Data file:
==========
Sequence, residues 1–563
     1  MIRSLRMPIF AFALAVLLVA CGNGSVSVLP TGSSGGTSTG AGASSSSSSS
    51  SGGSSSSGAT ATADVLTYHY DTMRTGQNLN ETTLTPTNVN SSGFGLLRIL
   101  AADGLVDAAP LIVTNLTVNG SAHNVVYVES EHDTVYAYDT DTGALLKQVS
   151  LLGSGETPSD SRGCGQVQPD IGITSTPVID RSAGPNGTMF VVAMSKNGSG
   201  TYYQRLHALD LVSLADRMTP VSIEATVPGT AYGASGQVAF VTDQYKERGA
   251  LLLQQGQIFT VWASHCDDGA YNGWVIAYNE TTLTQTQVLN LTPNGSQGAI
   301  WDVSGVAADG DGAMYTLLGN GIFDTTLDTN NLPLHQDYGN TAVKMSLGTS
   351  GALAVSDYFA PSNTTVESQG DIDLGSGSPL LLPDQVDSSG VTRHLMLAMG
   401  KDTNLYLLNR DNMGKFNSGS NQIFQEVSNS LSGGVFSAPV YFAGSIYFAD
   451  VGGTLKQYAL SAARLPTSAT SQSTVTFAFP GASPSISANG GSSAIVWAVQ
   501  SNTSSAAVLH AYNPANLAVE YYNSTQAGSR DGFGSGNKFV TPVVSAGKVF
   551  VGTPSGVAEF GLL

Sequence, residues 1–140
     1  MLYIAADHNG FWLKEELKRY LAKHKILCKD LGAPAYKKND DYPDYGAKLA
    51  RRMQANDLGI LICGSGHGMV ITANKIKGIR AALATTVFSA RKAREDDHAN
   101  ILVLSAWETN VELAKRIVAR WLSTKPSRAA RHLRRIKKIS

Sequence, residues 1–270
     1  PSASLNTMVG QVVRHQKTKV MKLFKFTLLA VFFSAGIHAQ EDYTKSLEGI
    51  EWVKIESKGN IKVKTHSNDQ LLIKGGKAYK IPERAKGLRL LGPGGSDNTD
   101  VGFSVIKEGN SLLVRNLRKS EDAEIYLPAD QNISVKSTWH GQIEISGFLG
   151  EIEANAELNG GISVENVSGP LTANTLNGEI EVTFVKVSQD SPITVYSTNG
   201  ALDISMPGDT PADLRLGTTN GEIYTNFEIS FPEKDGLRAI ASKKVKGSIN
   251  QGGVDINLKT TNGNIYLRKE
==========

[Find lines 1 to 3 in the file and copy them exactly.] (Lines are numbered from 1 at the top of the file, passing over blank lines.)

Sequence, residues 1–563
     1  MIRSLRMPIF AFALAVLLVA CGNGSVSVLP TGSSGGTSTG AGASSSSSSS
    51  SGGSSSSGAT ATADVLTYHY DTMRTGQNLN ETTLTPTNVN SSGFGLLRIL